One of the most ubiquitous industries of today, footwear has transformed from a simple necessity to a fashion statement, with there now being close to 2,500 stores worldwide operated by Nike and Adidas, with the former selling 25 pairs of shoes a second in 2016.
However, all of this growth is not without a cost; the production of one pair of shoes, which constitutes about two thirds of all emissions related to shoes, emits on average 28kg of CO2, enough to power a 100-watt lightbulb for 2 weeks. These emissions are contributing to climate change and global warming, which is regarded as one of the major threats to subsequent generations.
Furthermore, the materials used during shoe production are far from beneficial to the places and people which produce them; toxic glues, along with the proven carcinogen chromium can leach into water and soil due to being dumped instead of disposed of. Once the shoes reach the consumer, the cyclical nature of fashion trends and staggering choice of products has led to more shoes being thown away than ever; in the US approximately 300 million pairs of shoes are thrown away each year, most of them ending up in landfill, where they take on average 50 years to decompose, if they do at all.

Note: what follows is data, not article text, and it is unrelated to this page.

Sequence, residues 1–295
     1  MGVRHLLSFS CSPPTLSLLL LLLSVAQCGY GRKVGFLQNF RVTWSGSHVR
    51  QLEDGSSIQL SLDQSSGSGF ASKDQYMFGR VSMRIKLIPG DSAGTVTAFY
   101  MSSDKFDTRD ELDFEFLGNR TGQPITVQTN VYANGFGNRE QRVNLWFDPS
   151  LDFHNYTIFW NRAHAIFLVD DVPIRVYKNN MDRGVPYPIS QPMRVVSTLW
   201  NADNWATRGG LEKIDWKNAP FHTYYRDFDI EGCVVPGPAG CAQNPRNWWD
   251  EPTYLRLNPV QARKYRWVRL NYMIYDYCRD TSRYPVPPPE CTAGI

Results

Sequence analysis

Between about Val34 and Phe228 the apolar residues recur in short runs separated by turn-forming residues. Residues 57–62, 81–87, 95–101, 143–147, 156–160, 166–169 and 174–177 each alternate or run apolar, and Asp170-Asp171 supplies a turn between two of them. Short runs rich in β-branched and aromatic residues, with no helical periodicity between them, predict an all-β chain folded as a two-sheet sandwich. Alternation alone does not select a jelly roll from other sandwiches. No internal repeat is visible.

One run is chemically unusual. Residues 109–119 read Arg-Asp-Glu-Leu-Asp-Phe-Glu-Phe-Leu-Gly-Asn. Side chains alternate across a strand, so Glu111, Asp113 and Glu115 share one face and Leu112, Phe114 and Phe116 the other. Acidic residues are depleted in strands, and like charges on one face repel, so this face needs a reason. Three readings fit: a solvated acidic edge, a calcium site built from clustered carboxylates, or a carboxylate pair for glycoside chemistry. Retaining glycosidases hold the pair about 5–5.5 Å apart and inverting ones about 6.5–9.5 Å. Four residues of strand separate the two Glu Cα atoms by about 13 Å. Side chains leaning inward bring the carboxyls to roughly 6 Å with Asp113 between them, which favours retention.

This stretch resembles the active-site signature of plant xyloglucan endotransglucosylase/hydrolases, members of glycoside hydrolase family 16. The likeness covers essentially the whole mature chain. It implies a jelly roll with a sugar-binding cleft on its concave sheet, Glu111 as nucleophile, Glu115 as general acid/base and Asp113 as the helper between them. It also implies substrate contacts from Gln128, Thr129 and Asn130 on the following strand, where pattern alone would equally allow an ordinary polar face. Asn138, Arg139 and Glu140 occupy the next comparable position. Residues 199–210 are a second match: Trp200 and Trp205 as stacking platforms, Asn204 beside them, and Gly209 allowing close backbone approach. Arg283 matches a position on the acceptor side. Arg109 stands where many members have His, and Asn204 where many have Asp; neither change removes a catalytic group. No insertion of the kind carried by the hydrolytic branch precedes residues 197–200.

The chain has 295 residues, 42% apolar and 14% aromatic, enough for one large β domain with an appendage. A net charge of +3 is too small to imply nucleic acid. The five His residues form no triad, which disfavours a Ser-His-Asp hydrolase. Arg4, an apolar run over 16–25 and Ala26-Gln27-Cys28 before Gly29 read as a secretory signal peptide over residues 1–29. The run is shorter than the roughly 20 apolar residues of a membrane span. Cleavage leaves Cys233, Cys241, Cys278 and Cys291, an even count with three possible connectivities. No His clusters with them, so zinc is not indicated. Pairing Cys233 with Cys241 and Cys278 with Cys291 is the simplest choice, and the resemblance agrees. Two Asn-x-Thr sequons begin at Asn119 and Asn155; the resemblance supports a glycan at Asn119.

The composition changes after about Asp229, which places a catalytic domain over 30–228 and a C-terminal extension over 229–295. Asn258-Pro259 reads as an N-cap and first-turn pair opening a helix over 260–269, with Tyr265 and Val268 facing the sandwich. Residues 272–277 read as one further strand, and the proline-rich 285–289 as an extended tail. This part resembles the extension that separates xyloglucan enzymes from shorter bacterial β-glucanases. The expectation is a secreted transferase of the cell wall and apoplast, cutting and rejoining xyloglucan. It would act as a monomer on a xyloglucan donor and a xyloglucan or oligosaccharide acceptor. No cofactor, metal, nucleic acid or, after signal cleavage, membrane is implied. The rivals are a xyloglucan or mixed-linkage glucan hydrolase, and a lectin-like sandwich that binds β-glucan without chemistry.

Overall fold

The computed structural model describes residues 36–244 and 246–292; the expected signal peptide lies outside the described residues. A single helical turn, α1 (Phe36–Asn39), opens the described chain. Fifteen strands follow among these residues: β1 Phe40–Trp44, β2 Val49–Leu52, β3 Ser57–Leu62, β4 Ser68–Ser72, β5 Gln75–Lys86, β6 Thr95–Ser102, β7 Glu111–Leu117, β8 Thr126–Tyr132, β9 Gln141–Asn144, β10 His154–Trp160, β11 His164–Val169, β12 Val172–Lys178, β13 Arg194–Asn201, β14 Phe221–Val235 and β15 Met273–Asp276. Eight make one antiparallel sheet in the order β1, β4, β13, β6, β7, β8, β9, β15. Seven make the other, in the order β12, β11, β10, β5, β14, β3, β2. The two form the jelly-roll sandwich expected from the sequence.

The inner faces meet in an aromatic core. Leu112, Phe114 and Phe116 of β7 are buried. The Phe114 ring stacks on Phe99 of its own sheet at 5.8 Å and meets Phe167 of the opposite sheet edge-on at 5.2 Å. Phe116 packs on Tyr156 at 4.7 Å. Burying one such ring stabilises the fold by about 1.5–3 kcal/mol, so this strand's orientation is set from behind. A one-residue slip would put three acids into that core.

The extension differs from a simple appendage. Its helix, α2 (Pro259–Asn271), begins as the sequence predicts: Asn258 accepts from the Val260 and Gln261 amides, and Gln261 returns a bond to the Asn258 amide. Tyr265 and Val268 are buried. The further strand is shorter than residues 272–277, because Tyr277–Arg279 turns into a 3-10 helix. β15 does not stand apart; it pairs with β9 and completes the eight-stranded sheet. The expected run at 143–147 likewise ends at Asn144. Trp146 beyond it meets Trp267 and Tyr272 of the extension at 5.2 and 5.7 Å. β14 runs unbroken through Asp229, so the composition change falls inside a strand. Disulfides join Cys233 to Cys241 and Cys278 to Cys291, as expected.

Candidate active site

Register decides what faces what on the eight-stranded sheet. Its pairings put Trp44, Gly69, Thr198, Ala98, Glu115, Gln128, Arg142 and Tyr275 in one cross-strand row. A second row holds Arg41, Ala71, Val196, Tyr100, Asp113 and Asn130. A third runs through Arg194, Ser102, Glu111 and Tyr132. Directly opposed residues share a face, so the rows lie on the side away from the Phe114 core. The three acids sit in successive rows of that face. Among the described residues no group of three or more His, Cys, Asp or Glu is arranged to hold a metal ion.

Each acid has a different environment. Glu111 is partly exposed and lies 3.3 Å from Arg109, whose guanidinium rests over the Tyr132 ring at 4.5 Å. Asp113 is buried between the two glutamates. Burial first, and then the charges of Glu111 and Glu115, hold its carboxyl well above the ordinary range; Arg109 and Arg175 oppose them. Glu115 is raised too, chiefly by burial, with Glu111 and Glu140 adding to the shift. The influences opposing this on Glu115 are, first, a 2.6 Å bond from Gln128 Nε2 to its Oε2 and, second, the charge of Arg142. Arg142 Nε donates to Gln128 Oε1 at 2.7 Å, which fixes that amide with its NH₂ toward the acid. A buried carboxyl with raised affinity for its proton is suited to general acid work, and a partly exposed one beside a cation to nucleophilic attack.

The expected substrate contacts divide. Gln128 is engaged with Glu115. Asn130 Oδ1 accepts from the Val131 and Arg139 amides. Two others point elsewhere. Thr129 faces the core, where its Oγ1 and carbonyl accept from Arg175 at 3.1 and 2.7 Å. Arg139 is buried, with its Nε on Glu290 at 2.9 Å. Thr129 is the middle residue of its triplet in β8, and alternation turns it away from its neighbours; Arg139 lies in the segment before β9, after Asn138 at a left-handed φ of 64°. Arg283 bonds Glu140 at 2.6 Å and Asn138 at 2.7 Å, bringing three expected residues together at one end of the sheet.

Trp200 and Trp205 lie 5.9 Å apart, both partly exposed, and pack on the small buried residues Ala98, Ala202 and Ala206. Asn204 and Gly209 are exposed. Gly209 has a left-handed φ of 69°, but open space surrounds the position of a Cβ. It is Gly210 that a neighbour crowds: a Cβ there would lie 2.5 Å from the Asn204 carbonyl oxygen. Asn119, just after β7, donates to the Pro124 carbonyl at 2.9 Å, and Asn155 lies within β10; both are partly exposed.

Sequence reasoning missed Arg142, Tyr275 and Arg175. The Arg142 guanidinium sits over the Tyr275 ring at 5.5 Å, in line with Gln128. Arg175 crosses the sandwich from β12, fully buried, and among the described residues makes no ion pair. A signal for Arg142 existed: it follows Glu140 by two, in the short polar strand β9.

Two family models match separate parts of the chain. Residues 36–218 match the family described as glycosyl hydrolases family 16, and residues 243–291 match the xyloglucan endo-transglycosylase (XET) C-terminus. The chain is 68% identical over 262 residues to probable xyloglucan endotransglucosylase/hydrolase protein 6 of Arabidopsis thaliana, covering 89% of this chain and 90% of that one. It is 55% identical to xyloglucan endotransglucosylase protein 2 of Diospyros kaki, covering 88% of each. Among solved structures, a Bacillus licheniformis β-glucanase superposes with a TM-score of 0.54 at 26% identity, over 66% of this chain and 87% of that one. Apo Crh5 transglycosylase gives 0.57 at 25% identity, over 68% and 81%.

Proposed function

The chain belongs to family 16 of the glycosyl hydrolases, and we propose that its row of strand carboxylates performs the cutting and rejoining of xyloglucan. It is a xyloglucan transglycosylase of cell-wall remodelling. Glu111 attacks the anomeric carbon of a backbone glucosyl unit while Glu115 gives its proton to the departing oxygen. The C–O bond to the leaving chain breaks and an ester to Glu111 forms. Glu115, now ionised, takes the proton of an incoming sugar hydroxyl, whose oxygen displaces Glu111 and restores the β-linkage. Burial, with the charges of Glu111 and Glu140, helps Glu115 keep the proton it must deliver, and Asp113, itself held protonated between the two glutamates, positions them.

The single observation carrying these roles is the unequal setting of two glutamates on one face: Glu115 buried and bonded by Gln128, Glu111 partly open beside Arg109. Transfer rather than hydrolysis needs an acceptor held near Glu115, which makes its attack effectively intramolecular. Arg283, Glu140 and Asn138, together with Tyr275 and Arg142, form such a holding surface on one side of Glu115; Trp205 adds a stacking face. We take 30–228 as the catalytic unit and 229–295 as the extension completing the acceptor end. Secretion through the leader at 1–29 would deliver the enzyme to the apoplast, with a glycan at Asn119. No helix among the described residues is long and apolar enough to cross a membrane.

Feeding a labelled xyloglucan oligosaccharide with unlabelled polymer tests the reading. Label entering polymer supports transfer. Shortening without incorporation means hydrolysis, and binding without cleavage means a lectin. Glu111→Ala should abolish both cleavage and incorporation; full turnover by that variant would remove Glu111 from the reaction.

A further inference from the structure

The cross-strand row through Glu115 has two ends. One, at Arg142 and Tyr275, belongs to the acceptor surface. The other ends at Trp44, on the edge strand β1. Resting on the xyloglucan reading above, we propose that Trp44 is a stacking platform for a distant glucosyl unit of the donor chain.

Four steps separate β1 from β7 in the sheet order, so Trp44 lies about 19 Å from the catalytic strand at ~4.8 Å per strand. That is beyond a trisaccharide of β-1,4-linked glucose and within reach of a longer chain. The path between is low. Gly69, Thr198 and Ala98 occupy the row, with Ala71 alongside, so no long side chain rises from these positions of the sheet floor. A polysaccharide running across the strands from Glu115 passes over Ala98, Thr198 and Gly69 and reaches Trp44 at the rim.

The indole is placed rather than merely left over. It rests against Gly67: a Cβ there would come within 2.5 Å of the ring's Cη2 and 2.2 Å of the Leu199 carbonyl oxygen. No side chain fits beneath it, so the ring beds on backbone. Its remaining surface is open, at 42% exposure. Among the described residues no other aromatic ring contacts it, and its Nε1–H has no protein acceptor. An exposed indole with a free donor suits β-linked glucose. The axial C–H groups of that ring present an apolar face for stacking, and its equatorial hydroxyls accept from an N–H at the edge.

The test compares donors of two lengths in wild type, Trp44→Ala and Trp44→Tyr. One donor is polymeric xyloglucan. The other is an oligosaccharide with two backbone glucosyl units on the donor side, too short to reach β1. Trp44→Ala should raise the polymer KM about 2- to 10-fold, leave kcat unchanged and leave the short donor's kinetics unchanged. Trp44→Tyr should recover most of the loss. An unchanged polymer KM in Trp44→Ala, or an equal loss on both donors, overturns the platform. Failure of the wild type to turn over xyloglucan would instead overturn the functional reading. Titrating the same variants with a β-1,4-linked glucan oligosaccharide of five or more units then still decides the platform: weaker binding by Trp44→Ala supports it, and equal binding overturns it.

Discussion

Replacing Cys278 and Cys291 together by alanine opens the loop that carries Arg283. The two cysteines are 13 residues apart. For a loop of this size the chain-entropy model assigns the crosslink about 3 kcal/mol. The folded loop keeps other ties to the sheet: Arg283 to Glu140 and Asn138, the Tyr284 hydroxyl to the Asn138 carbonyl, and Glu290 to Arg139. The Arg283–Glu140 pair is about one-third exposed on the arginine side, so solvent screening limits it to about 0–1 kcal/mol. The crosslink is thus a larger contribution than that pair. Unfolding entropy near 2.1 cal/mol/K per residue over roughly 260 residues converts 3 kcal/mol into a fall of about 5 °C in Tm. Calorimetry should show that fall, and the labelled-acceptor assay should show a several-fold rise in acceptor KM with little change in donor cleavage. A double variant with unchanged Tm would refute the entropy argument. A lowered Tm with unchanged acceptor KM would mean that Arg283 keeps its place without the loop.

However, all is not lost. Big brands like Nike and Adidas are rolling out increasingly sustainable and environmentally conscious options for their customers, such as the Adidas X Parley collection, which sees trainers made from upcycled plastic from the oceans. Nike have been stepping up too; even implementing a reuse-a-shoe scheme that recycles any athletic shoe at their stores across North America and Europe. Furthermore, their VaporMax Air sole contains over 75% recycled material, and doesn’t require a foam mid-sole; whilst their Flyleather range reclaims discarded leather fibres and uses them, thus having half the carbon footprint of regular leather.
And it isn’t just the big brands who are trailblazing. Smaller brands like Ananas Anam and Po-Zu are making huge advances, paving the way for vegan leather through using materials such as PiñaTex (pineapple leather) and coir (coconut husk). Perhaps even more encouraging is that large brands and franchises such as Star Wars and Puma are collaborating with these brands, thus pushing sustainable footwear towards a wider range of people and not just environmentalists.
However, with the footwear industry estimated to be worth £280 billion by 2020, it is crucial that the larger companies who hold the monopoly on the market continue to promote sustainable and recyclable footwear. It is also important that ethical materials and processes become cheaper and more accessible, so that reducing your carbon footprint doesn’t become dependent on income.